A Secret Big Enough to Fill Six Suitcases - Maxim Biller's Search for Answers to a Family MysteryOctober 05, 2018
As already mentioned in my overview of the six German Book Prize shortlisted nominees, Maxim Biller is no stranger to the German literary scene. However, one thing I was unaware of was that his elder sister Elena Lappin is also an accomplished writer. In fact, I happened to read her memoir What Language Do I Dream In? a week after I read Biller’s seemingly autobiographical book of trickery. However, my order of reading the two books made me question how it is possible to write so differently about the same family.
One of the main differences is that the secret and central motivation for Lappin’s memoir is her discovery—in her mid-forties—that her biological father is someone other than the man she grew up with. In Biller’s version this theme is not mentioned with a single word. Although it quickly becomes clear that none of the narrators are very reliable, the focus of Biller’s search is finding out who betrayed and is ultimately responsible for the murder of his Tata or grandfather. All three sections are set primarily in different times and places: starting in Prague, but also Moscow, Hamburg, and Montreal.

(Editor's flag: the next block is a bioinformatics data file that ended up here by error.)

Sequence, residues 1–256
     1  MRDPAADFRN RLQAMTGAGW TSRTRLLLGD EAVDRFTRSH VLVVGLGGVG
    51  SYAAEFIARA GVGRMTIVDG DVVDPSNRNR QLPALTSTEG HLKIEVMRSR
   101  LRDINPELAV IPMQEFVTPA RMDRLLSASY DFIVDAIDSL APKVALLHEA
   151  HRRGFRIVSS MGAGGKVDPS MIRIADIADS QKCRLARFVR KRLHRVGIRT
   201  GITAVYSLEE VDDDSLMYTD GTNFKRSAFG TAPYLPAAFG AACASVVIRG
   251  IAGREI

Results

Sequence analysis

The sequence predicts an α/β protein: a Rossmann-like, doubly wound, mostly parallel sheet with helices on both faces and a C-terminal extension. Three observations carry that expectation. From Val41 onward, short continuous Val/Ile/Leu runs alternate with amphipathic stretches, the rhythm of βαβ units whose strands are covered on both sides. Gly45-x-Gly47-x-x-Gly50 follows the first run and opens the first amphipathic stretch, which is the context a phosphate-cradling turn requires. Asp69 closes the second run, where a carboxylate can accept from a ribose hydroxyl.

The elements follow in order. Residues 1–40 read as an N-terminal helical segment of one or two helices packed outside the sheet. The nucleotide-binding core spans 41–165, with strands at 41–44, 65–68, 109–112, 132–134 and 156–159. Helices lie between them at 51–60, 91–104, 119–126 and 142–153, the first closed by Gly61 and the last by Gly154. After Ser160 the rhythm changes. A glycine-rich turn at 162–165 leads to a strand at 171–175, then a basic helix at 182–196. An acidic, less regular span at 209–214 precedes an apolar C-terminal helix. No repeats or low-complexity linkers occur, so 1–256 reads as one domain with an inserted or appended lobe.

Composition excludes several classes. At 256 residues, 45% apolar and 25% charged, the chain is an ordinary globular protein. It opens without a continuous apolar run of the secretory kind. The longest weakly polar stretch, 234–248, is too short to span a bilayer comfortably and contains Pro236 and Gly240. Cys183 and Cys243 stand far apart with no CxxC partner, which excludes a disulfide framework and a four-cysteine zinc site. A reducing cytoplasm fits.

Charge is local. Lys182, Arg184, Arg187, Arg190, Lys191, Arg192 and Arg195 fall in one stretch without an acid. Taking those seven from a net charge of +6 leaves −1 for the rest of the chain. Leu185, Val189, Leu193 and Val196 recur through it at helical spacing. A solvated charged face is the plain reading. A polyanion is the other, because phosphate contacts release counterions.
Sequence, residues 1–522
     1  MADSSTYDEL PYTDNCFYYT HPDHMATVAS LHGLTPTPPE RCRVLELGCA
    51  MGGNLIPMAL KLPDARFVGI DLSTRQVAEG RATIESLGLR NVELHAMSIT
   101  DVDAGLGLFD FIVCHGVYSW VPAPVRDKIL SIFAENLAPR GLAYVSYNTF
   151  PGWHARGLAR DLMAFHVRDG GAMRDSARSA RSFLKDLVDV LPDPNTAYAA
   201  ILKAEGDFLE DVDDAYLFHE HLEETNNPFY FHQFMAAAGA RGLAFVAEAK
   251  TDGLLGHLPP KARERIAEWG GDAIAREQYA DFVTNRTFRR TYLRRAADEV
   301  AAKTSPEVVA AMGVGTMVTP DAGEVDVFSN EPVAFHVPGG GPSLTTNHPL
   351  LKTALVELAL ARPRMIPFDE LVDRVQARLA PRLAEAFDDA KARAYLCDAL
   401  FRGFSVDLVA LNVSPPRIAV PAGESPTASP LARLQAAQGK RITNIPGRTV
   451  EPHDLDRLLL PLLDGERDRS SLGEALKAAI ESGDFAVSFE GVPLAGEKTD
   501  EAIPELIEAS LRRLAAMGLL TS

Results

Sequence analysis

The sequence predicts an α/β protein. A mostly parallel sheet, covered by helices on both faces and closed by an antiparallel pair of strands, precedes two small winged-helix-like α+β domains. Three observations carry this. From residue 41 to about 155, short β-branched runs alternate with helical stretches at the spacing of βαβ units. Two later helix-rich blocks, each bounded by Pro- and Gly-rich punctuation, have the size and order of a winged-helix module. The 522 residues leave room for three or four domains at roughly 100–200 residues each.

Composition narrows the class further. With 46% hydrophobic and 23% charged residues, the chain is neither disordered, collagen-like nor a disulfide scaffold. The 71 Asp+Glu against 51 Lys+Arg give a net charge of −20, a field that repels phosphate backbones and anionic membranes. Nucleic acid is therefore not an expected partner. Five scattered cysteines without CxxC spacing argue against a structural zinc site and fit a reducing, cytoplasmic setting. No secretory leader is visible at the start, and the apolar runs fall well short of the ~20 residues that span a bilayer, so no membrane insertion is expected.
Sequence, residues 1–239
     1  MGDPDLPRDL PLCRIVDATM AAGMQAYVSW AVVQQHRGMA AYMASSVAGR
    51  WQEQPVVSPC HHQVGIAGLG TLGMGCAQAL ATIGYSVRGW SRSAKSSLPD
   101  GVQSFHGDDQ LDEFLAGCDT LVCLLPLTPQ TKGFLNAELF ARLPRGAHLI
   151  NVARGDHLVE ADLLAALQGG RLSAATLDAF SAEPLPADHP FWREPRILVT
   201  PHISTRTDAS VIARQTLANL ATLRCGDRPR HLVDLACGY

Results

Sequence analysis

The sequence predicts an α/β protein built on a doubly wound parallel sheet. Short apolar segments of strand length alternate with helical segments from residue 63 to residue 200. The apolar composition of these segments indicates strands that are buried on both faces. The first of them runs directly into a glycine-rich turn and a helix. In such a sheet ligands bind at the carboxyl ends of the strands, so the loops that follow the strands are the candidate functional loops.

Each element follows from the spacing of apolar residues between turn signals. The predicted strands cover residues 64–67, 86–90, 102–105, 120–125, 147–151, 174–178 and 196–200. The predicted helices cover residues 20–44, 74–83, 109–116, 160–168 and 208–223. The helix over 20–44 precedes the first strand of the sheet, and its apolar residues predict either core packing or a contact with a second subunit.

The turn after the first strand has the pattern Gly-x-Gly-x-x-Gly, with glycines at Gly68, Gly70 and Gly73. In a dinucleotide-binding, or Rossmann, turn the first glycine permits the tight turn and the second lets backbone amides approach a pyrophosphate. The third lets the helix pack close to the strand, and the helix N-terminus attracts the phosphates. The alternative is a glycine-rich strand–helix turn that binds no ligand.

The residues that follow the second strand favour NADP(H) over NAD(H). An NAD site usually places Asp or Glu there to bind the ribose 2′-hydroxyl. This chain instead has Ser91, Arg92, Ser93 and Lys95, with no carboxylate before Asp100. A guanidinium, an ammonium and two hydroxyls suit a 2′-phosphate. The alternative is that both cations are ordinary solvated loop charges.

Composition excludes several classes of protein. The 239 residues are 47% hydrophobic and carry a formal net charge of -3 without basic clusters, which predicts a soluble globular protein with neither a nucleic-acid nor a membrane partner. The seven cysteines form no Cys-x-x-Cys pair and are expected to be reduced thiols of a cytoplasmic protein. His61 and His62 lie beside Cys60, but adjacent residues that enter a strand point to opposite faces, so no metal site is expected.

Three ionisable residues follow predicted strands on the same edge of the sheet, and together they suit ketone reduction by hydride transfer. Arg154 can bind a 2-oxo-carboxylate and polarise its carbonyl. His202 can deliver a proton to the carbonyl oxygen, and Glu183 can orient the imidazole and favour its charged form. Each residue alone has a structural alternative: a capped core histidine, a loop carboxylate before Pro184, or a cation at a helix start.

As a boy living in Prague of the 1960s with his parents Rada and Sjoma (who translates from Czech into Russian), little Maxim only has a limited scope of insight in key events. His uncle Dima is married to the successful filmmaker Natalia, the remaining two uncles far away in West Berlin and Brazil, respectively. We are introduced to the story just as Dima is scheduled to be released from five years in an infamous Czech prison, as depicted by Sjoma and Rada, respectively. In the third section Maxim, who now lives in Hamburg, visits Dima in Zurich as an angst-filled teen. This is followed by a long, anguished letter from Natalia in Montreal to Sjoma, with whom she was in a relationship before choosing to marry Dima. The final two “suitcases” of storytelling come from Lev, before and after Dima’s funeral, and a present-day version of Jelena (Elena). And I’m not spoiling too much when I tell you the final lines depict Elena on her way from a television interview about her memoir.
One of the best parts of this unique detective story is how much detail he gives each telling, only to have the supposedly established ‘facts’ contradicted by the next chapter. The ostentatious couch in the family’s Prague apartment is one example: in turns, it is described as red, yellow or blue, the fabric described as coarse or fine, for some it is generous and comfy, others remember it as narrow and hard. But it’s not just the sleight of hand that makes this stand out is the polished, well-crafted sentences, and a cast of figures who possess the right mix of chutzpah and irony. In the end, readers may realize they haven’t discovered what they were hoping to, but have learned much about Prague, East-bloc politics, and the dynamics of a Jewish family flung into the wind during the second half of the 20th century. What’s more, it’s a page-turner that clocks in at just over 200 pages.